Conclusion

I have done no more than give hints of the greatness of the King James Bible and its historical influence.  McGuffey’s Fifth Eclectic Reader, which itself did much to perpetuate the influence of the King James Bible, can be allowed to encapsulate the praise that has been legitimately heaped on the King James Version through the years and especially in this anniversary year:  “The best of classics the world has ever admired.”

-Article by Leland Ryken, he is the Clyde S. Kilby Professor of English at Wheaton College. He is the author of numerous articles and has contributed, written or edited more than twenty books.

 

Click here for additional details on the KJV

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James White vs. Gail Riplinger

KJV Only Debate

(Video 5 of 5)

James White is the director of Alpha and Omega Ministries, a Christian apologetics organization based in Phoenix, Arizona. He is the author of more than twenty books (including: The King James Only Controversy), a professor, an accomplished debater, and an elder of the Phoenix Reformed Baptist Church.

Gail Riplinger is an American author and speaker well-known for her support of the King James Only movement. She is the Author of “In Awe of Thy Word: Understanding the King James Bible Its Mystery and History Letter by Letter “and “New Age Bible Versions: An Exhaustive Documentation of the Message, Men & Manuscripts Moving Mankind to the Antichrist’s One World Religion. “

 

This is the final video of the debate.

 

Part 5

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James White vs. Gail Riplinger

KJV Only Debate

(Video 4 of 5)

James White is the director of Alpha and Omega Ministries, a Christian apologetics organization based in Phoenix, Arizona. He is the author of more than twenty books (including: The King James Only Controversy), a professor, an accomplished debater, and an elder of the Phoenix Reformed Baptist Church.

 

Gail Riplinger is an American author and speaker well-known for her support of the King James Only movement. She is the Author of “In Awe of Thy Word: Understanding the King James Bible Its Mystery and History Letter by Letter “and “New Age Bible Versions: An Exhaustive Documentation of the Message, Men & Manuscripts Moving Mankind to the Antichrist’s One World Religion. “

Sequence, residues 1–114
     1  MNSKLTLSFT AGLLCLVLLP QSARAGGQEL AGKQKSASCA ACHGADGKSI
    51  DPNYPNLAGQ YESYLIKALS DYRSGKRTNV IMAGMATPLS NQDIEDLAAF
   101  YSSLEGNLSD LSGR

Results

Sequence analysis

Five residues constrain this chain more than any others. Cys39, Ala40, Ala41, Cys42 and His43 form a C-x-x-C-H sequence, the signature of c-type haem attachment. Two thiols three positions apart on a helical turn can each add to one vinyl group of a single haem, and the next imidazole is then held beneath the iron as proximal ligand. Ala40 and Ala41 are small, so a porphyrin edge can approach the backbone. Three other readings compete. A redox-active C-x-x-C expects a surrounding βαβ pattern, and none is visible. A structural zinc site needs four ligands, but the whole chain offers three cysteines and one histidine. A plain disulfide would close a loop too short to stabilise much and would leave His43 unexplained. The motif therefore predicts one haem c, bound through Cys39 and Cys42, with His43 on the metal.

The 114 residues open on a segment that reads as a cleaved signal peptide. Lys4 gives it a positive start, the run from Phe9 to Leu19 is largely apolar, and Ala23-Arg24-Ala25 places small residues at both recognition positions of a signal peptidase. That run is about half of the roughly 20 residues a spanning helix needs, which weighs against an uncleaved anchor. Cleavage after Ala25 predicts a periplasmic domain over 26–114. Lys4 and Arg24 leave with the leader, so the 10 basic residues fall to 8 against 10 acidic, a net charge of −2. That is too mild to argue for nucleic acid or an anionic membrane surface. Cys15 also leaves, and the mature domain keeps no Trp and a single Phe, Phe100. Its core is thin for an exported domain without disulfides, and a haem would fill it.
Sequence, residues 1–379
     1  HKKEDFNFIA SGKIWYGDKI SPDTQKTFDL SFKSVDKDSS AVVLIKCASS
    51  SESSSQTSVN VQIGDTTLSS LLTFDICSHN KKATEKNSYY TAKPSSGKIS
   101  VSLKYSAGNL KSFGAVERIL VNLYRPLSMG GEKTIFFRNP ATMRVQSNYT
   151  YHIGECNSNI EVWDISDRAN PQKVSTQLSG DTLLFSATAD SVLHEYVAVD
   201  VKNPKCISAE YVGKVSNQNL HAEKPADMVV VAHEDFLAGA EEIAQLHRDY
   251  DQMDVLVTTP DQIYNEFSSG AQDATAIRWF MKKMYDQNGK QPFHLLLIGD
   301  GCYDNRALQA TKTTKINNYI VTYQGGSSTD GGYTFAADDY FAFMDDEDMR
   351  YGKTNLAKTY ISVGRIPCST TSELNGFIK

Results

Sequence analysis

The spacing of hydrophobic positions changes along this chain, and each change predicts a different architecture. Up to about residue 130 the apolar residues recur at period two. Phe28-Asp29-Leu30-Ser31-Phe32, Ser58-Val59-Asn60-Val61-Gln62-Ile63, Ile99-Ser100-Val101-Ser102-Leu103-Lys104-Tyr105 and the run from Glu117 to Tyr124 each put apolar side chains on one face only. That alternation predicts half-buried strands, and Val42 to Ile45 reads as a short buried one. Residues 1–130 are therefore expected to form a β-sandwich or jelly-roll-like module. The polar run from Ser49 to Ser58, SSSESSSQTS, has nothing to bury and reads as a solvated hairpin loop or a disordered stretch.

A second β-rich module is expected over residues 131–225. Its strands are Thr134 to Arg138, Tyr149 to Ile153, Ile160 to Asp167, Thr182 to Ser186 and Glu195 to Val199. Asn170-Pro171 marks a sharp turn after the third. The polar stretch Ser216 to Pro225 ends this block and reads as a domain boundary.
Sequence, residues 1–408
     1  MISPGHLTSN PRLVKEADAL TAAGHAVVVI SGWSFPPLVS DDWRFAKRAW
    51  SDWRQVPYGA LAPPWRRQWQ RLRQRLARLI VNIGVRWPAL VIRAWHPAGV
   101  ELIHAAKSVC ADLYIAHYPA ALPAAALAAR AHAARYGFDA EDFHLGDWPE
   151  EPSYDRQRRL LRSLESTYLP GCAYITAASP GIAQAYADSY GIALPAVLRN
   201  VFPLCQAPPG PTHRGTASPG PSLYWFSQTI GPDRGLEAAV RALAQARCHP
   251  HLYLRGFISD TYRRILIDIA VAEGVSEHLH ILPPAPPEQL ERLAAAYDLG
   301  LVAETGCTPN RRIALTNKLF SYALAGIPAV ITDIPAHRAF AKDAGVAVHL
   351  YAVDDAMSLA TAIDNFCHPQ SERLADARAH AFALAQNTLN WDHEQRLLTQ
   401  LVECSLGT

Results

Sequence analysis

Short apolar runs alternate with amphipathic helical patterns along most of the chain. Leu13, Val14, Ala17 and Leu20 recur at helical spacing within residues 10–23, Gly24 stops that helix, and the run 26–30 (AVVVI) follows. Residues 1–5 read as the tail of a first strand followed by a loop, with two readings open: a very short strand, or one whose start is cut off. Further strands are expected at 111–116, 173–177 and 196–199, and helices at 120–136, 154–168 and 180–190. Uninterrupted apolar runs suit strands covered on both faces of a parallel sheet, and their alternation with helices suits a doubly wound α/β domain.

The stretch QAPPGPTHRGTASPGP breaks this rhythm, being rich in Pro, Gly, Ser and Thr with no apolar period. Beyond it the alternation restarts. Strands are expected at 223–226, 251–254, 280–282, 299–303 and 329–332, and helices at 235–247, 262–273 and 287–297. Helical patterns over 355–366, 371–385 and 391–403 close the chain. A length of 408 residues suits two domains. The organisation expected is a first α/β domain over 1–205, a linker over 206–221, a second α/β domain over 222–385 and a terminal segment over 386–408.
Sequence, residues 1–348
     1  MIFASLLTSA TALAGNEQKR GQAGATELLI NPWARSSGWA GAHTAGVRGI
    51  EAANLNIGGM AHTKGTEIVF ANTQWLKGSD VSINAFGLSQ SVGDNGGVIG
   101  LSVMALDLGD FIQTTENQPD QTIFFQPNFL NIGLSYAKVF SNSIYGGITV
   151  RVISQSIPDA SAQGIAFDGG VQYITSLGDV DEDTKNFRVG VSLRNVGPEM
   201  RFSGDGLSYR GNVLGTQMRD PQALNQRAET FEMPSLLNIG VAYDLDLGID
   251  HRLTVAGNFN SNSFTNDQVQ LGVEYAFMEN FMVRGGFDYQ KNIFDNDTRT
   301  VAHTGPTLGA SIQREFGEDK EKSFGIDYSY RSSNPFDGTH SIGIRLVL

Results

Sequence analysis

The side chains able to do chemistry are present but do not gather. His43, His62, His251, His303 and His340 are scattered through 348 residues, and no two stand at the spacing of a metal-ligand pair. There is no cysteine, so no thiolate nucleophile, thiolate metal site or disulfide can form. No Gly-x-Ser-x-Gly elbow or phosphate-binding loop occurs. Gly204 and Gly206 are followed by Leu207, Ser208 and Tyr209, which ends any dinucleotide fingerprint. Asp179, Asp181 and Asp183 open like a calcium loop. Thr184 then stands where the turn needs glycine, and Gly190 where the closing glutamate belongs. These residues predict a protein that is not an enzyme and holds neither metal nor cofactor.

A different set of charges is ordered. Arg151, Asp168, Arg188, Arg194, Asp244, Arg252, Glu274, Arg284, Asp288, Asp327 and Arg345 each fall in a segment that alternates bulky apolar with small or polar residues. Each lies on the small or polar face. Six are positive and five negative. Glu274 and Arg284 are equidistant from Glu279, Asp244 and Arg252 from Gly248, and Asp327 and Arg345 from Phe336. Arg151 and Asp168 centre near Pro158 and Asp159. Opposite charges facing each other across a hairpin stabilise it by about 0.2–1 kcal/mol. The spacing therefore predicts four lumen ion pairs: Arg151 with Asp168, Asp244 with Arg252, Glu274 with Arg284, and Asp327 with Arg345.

Part 4

 

Video 5-Tomorrow

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James White vs. Gail Riplinger

KJV Only Debate

Video 3 of 5

 

If you are the least bit interested in educating yourselves on this issue, the following debate is jam packed with information from both sides of the issue.  We hope that you will find this as a helpful resource!

James White is the director of Alpha and Omega Ministries, a Christian apologetics organization based in Phoenix, Arizona. He is the author of more than twenty books (including: The King James Only Controversy), a professor, an accomplished debater, and an elder of the Phoenix Reformed Baptist Church.

 

Gail Riplinger is an American author and speaker well-known for her support of the King James Only movement. She is the Author of “In Awe of Thy Word: Understanding the King James Bible Its Mystery and History Letter by Letter “and “New Age Bible Versions: An Exhaustive Documentation of the Message, Men & Manuscripts Moving Mankind to the Antichrist’s One World Religion. “

 

Part 3

 

Part 4-Tomorrow

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James White vs. Gail Riplinger

KJV Only Debate

 

 Video 2 of 5

 If you are the least bit interested in educating yourselves on this issue, the following debate is jam packed with information from both sides of the issue.  We hope that you will find this as a helpful resource!

 

James White is the director of Alpha and Omega Ministries, a Christian apologetics organization based in Phoenix, Arizona. He is the author of more than twenty books (including: The King James Only Controversy), a professor, an accomplished debater, and an elder of the Phoenix Reformed Baptist Church.

Gail Riplinger is an American author and speaker well-known for her support of the King James Only movement. She is the Author of “In Awe of Thy Word: Understanding the King James Bible Its Mystery and History Letter by Letter “and “New Age Bible Versions: An Exhaustive Documentation of the Message, Men & Manuscripts Moving Mankind to the Antichrist’s One World Religion. “

Part 2

 

Part 3-Tomorrow

Read Full Post »

 

James White vs. Gail Riplinger

KJV Only Debate

Part 1 of 5

 

 

 If you are the least bit interested in educating yourselves on this issue, the following debate is jam packed with information from both sides of the issue.  We hope that you will find this as a helpful resource!